No, all the peripheral neuropathies are not the same. We find, though, that the patients who present with peripheral neuropathy, regardless of the cause, do have remarkably similar symptoms.
The good news with our treatment program has been that even in the presence of similar symptoms from different etiologies (causes), the corrective care for is often remarkably effective regardless of the primary cause. That is the beauty of the treatment system that we have been able to employ.
In order to find out what components of peripheral neuropathy you have, your doctor will conduct a very thorough evaluation. This will include things such as your vital signs, body mass index, the mobility and range of motion of your lower back and hips, and the overall health of your feet, skin, nails and hair, blood vessels and circulation. This might include Doppler ultrasound, a simple painless test to check for blood flow or blockages.
As the doctor performs her clinical examination, she’ll also perform a very thorough neurological examination including reflexes, muscle-testing, and sensation to touch using a device as simple as a pin, a brush or perhaps even a pinwheel. Doctors commonly will also check your vibration sensation, which very often is disturbed in peripheral neuropathy. This is done painlessly and very easily through the use of simple tuning forks. Your balance will be assessed.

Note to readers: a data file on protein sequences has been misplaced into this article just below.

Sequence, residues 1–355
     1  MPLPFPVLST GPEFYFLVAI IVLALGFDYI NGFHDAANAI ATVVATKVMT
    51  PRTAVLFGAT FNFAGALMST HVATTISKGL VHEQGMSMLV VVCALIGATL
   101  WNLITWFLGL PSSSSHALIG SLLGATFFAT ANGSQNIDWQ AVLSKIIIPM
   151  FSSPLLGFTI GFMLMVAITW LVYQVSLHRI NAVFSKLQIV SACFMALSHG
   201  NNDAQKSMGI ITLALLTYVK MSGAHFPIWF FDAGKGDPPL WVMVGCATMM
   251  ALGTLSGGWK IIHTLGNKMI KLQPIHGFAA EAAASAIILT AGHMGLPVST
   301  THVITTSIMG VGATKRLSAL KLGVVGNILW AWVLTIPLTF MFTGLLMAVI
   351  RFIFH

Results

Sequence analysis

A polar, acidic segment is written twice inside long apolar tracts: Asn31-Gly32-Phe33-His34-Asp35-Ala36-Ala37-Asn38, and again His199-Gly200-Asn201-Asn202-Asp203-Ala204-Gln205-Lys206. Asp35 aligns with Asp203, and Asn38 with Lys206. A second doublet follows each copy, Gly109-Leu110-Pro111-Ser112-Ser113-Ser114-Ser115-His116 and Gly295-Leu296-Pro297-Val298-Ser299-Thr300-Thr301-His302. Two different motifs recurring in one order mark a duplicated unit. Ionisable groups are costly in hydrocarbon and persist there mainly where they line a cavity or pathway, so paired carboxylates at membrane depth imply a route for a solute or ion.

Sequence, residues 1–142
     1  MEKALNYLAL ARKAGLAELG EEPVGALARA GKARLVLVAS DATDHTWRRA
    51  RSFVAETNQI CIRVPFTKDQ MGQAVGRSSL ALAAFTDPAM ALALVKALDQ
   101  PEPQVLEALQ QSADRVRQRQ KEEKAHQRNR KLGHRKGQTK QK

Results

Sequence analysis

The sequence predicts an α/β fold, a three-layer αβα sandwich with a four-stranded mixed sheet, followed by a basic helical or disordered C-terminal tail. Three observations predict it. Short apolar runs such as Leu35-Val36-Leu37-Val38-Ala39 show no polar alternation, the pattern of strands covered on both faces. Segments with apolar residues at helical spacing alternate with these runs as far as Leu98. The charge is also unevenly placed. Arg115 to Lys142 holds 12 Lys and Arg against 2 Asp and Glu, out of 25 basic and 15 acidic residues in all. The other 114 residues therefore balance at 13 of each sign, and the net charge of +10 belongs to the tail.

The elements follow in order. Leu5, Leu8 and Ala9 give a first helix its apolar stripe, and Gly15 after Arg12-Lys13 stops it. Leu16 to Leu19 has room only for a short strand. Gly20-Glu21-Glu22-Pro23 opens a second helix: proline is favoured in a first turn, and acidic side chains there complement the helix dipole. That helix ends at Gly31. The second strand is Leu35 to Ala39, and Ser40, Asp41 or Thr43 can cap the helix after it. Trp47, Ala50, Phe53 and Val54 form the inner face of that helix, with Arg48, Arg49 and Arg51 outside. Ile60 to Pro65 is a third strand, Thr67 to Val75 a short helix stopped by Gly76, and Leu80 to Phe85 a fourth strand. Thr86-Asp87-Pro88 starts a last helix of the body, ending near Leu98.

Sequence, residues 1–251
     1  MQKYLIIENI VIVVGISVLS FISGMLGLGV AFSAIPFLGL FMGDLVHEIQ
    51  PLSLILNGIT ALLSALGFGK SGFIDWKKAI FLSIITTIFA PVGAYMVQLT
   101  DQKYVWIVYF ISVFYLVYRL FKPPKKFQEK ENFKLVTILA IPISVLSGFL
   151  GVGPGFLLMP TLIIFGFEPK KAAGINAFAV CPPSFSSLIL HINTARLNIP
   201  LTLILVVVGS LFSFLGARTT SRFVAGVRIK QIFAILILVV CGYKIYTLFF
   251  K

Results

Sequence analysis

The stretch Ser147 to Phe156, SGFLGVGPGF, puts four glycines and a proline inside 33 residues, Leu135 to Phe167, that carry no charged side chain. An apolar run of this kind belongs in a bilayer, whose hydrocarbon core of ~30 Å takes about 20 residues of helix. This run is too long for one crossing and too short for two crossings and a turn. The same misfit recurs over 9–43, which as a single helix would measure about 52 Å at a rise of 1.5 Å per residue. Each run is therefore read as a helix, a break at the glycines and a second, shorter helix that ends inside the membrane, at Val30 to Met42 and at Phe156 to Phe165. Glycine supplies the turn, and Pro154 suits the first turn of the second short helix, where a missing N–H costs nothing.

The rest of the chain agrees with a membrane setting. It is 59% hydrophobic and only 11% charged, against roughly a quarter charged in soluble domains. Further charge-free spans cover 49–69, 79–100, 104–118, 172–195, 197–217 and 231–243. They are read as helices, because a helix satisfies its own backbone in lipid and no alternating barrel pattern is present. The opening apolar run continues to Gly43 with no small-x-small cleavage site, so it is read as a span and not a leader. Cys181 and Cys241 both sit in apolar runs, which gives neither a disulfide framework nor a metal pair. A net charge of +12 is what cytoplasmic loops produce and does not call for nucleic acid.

Laboratory tests may very well be performed. These would include things such as a chemistry panel, kidney and liver function. Your doctor will also want to double check your blood sugar levels and more than likely perform a hemoglobin A1c.
This particular test is very good at identifying patients who may be borderline diabetic. I have found many patients who present with neuropathy symptoms have not yet been diagnosed with diabetes but may very well suffer from what’s called a metabolic syndrome.
This is when your body abnormally handles blood sugar, which may unfortunately lead to the development of peripheral neuropathies and other diabetic complications well before the formal diagnosis is made. You and Your healthcare professionals need to be aware of this research as well, two of the best synopses from the National Library of Medicine which are on-line
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